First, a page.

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What Will Happen When Social Security Runs Out?

Updated: Oct 6, 2021

We had an interesting thing happen last week when over 1,200 people visited our website out of the blue. It turns out that there was a sudden interest in an article we released nearly three years ago, with the page going on the front page of Google! Since we wrote this article, we’ve seen a tripling of the number of people who view our content over the past few years, so we are going to share the article again with a few minor updates.


For our long timers, sorry for the repeat. For the new visitors, we hope you find it helpful.


At the end of August 2021, a new report was released that showed Social Security is projected to run out of money in 2033, one year earlier than previous calculations. With that deadline only 12 years away it is likely to impact everyone who is not already enrolled in Social Security as well as many who are. What will happen when the fund runs out? You may have heard that benefits will stop being paid once the fund runs out, but that is not likely to happen. We have laid out some of the changes that are likely to be made to Social Security over the next 12 years or after the fund runs out around 2033.


Reduced Benefits

If no changes are made before the fund runs out, the most likely result will be a reduction in the benefits that are paid out. If the only funds available to Social Security in 2033 are the current wage taxes being paid in, the administration would still be able to pay around 75% of promised benefits. While a 25% reduction in benefits could significantly hurt the retirement plans of those who are relying on their Social Security benefits, it is far less damaging than the program being shut down entirely.

With the potential for benefits to be reduced, some retirees may be tempted to apply for their benefits early to receive as much as they can before the fund runs out. However, if you start taking your benefits as soon as allowed, they will be reduced to 70% of your full-retirement age benefit. Comparing this to the 75% that could be received even after the fund runs out, you would still be hurting your retirement by applying early.

Increased Wage Taxes

To avoid benefit reductions, congress may vote to increase the Social Security taxes charged on employee wages. If the increase were put in place immediately, the employee portion of the tax would need to increase from 6.2% to 8%. This would represent an additional $900 in taxes paid annually for an employee making $50,000 per year.



Another proposal in wage taxes that has become popular in recent years is an additional tax on high earners. Rather than increasing the social security tax of 6.2% on all payers, this would implement a new tax on wage income above $400,000 to help stabilize the social security fund.

Increased Full Retirement Age

Even if the fund does not run out, the full retirement age needed to receive your full Social Security benefit is likely to go up in the future as life expectancies increase. Since the Social Security program was first started the average life expectancy has increased 7 years and yet the full age retirement for Social Security has only increased 2 years. As the fund begins to run out, it is likely that the full retirement age will be raised even further, along with harsher benefit cuts for those who apply early.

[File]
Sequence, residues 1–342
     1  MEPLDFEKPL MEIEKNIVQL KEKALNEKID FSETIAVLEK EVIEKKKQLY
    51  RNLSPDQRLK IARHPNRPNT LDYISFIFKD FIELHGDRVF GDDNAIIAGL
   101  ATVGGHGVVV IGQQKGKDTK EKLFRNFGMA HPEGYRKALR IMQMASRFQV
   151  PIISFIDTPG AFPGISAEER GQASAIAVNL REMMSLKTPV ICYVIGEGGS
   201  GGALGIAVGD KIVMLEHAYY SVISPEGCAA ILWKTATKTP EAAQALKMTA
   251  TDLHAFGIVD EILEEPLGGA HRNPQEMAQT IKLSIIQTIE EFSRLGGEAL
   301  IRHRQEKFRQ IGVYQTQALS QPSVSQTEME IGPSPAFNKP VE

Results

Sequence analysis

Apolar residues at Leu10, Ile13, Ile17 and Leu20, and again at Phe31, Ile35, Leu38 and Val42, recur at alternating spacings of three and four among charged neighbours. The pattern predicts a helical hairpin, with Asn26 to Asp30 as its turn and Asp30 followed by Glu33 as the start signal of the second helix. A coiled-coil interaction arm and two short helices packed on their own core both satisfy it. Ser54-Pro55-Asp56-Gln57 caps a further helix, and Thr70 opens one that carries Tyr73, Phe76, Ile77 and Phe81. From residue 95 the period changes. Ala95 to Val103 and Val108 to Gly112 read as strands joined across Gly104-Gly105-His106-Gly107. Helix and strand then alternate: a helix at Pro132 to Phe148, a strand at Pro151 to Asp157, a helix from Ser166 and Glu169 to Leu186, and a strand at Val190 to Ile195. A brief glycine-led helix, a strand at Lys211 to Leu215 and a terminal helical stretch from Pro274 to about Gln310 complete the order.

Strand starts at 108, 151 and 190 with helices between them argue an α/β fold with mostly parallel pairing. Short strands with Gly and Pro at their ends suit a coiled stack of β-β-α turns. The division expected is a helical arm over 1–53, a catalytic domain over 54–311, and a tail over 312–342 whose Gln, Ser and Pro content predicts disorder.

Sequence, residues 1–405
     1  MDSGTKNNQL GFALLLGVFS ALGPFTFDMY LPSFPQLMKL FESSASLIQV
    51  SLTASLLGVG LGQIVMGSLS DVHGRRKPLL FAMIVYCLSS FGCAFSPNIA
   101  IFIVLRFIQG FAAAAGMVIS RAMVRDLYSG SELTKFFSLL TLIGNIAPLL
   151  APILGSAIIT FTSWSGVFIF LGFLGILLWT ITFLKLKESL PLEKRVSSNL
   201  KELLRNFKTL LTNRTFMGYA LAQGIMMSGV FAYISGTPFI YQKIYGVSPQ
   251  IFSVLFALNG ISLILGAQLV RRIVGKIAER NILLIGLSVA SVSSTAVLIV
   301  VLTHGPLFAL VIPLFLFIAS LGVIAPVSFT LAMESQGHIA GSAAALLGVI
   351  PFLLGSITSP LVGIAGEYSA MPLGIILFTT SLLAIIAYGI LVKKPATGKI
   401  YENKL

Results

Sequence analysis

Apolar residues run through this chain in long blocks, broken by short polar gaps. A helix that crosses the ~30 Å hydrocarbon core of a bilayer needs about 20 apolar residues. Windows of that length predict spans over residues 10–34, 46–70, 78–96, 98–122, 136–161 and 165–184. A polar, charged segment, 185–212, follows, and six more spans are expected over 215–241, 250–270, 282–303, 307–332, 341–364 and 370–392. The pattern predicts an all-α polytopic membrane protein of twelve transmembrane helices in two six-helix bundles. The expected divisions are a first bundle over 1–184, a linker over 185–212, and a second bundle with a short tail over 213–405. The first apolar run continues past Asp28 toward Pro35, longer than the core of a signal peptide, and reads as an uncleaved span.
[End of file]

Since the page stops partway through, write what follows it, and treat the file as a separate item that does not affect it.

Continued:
Summary

While Social Security benefits are unlikely to be completely eliminated 12 years from now, there is a strong possibility that they will be reduced significantly if revenues are not increased in the next few years. To make sure that your retirement plan is secure, you should analyze your retirement income stream under the assumption that your Social Security benefits will be reduced and determine what changes need to be made if that happens.


This article is a general communication being provided for informational and educational purposes only and is not meant to be taken as tax advice, investment advice or a recommendation for any specific investment product or strategy. The information contained herein does not take your financial situation, investment objective or risk tolerance into consideration. Readers, including professionals, should under no circumstances rely upon this information as a substitute for their own research or for obtaining specific legal, accounting or tax advice from their own counsel. Any examples are hypothetical and for illustration purposes only. All investments involve risk and can lose value, the market value and income from investments may fluctuate in amounts greater than the market. All information discussed herein is current only as of the date of publication and is subject to change at any time without notice. Forecasts may not be realized due to a multitude of factors, including but not limited to, changes in economic conditions, corporate profitability, geopolitical conditions, inflation or US tax policy. This material has been obtained from sources believed to be reliable, but its accuracy, completeness and interpretation cannot be guaranteed.


LEGAL, INVESTMENT AND TAX NOTICE. This information is not intended to be and should not be treated as legal, investment, accounting or tax advice.


Copyright 2021. Monotelo Advisors Inc. All Rights Reserved

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